my $orig_name = shift @plan;
      my $new_name = shift @plan;
      if ($orig_name eq $new_name || ! defined $mapping{$new_name}) {
         # This one is safe. Add it to the new plan.
         push @new_plan, $orig_name, $new_name;
         delete $mapping{$orig_name};
         $frustration = 0;
      } else {
         # This one is not safe to do (yet). Put it at the back of the current plan.
         push @plan, $orig_name, $new_name;
         $frustration++;
         # Is the whole thing impossible?
         if ($frustration * 2 >= @plan) {
            die "I can't figure out how to order this plan without clobbering things mid-process!\n";
         }
      }
   }

   return @new_plan;
}

It takes a list of filename pairs (the @plan) and returns a list of pairs (@new_plan). The %mapping hash is also assigned to the @_ list of arguments, which fills in the hash based on those pairs. I keep a count of the algorithm's $frustration so that it won't get stuck in an infinite loop if asked to sort out some horrible circular mapping.

The body of the loop is fairly straightforward; removing a pair of names from the start of the @plan, it checks to see if the $new_name from this action would clobber any of the remaining original names on the plan (via the handy %mapping hash we built). If it's safe, it pushes that pair onto the back of @new_plan; if not, it goes on the back of the current @plan list that we are currently processing. That way, we can give it another try after we've cleared some space.

Let's try it again on the "incrementing photo numbers" example:-

james@qi: ~/Ubuntu One/blogpost/example2
$ ../filenamesed6.pl --dry-run 'if ($_ =~ /IMG_(\d+)\.JPG/) { my $num = $1 + 1; $_ = sprintf("IMG_%04d.JPG", $num); }' *.JPG
Proposed changes:-
IMG_0016.JPG -> IMG_0017.JPG
INVISIBLE BIKE.JPG : unchanged.
IMG_0015.JPG -> IMG_0016.JPG
IMG_0014.JPG -> IMG_0015.JPG
IMG_0013.JPG -> IMG_0014.JPG

Excellent! It's figured out it can do the renaming in reverse order and won't accidentally murder your vacation photos. Here's the final version of the script without any promises for future posts on the matter:-

#!/usr/bin/perl -CSDA

use strict;
use warnings;
use Getopt::Long;

my $dryrun = 0;
GetOptions("dry-run|dryrun" => \$dryrun);

sub help
{
   print "Usage: $0 [--dry-run] '<substitutions>' filename(s)\n";
   print "  e.g. $0 's/from/to/g;' myfiles/*\n";
   exit 1;
}


sub main
{
   my $substitutions = shift @_;
   my @filenames = @_;

   my %filename_mapping;    # original name => new name
   my %reverse_mapping;     # new name => original name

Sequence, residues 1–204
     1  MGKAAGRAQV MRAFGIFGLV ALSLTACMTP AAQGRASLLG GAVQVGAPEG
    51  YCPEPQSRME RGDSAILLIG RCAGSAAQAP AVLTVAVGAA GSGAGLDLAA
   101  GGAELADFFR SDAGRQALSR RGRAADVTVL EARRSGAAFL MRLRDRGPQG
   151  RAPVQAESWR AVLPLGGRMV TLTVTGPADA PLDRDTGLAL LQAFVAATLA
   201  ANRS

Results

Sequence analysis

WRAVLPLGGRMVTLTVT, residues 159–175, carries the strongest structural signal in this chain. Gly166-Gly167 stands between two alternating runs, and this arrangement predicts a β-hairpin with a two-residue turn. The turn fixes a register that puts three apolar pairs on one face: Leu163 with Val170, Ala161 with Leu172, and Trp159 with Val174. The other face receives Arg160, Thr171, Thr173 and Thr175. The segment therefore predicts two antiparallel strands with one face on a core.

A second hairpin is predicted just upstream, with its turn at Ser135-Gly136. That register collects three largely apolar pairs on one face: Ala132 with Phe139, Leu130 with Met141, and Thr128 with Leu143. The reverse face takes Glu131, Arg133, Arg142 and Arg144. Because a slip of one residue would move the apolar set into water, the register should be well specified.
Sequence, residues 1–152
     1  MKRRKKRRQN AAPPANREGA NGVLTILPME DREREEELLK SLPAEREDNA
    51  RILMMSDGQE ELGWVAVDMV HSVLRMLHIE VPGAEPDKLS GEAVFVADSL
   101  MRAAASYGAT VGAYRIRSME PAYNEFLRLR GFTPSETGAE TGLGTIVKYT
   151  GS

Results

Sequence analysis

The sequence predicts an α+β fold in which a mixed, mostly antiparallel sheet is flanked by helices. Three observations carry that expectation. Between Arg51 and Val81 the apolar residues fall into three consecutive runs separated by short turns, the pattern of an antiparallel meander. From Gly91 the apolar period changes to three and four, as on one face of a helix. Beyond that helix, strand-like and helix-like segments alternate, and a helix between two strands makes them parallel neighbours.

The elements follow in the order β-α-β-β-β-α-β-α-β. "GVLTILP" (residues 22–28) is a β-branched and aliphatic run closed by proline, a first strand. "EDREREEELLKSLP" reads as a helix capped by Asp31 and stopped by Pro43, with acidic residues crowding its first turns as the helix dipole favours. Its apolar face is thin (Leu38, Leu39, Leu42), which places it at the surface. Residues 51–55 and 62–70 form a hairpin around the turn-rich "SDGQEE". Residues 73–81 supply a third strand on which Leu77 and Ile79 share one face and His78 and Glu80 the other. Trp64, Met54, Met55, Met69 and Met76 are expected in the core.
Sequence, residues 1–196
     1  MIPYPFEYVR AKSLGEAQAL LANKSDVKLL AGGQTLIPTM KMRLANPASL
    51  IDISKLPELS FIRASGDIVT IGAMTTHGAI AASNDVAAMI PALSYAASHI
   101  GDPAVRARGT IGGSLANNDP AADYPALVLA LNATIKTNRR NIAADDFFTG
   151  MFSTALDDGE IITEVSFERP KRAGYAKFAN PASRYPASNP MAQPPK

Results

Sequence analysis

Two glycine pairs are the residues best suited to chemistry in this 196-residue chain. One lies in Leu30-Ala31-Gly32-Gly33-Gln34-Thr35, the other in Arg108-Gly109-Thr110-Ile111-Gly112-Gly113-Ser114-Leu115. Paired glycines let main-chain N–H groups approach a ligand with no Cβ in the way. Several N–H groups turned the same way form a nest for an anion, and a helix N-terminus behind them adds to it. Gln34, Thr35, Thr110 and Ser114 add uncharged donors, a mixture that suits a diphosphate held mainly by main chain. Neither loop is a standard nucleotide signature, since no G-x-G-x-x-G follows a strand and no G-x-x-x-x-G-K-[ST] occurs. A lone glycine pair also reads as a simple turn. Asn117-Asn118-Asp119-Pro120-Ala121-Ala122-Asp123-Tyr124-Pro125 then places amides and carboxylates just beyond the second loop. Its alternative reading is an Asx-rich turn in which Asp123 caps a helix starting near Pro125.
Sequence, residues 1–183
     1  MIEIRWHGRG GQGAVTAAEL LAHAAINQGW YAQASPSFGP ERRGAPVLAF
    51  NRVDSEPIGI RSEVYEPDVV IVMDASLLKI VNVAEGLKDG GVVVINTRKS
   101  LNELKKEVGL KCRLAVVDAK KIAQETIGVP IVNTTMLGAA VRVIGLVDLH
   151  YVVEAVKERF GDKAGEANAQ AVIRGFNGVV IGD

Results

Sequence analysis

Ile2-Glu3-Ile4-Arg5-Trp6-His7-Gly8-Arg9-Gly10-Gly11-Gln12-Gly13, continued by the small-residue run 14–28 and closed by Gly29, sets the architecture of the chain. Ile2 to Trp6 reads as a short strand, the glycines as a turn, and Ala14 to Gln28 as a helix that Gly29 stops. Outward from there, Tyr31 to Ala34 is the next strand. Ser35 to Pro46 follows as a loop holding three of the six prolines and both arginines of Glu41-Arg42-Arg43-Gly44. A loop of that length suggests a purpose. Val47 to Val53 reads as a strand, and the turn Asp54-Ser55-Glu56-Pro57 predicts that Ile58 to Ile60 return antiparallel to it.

foreach my $orig_filename (@filenames) {
      my $new_filename = transform_filename($substitutions, $orig_filename);
      $filename_mapping{$orig_filename} = $new_filename;
      $reverse_mapping{$new_filename} = $orig_filename;
   }

   # Check there are no filename collisions; the number of unique output filenames
   # should be equal to the number of unique input filenames.
   if (keys %filename_mapping != keys %reverse_mapping) {
      die "Given substitution commands result in non-unique filenames, refusing to clobber your files.\n";
   }

   my @plan = map { $_, $filename_mapping{$_} } @filenames; # pairs of oldname, newname.
   # Re-order the plan to make it safe against stepping on our own toes while renaming.
   @plan = reorder_plan(@plan);
   # Show it or do it.
   if ($dryrun) {
      show_plan(@plan);
   } else {
      execute_plan(@plan);
   }
}


sub show_plan
{
   my @plan = @_;
   print "Proposed changes:-\n";
   while (@plan) {
      my $orig_name = shift @plan;
      my $new_name = shift @plan;
      if ($orig_name ne $new_name) {
         print "$orig_name -> $new_name\n";
      } else {
         print "$orig_name : unchanged.\n";
      }
   }
}


sub reorder_plan
{
   my @plan = @_;
   my %mapping = @_;
   my @new_plan;
   my $frustration = 0;
   # Go through the plan, pushing pairs on to @new_plan only if it's safe to do that step.
   # It is safe to do that step only if the destination name does not appear in 
   # @plan's remaining list of source names. (or if filename is unchanged)
   while (@plan) {
      my $orig_name = shift @plan;
      my $new_name = shift @plan;
      if ($orig_name eq $new_name || ! defined $mapping{$new_name}) {
         # This one is safe. Add it to the new plan.
         push @new_plan, $orig_name, $new_name;
         delete $mapping{$orig_name};
         $frustration = 0;
      } else {
         # This one is not safe to do (yet). Put it at the back of the current plan.
         push @plan, $orig_name, $new_name;
         $frustration++;
         # Is the whole thing impossible?
         if ($frustration * 2 >= @plan) {
            die "I can't figure out how to order this plan without clobbering things mid-process!\n";
         }
      }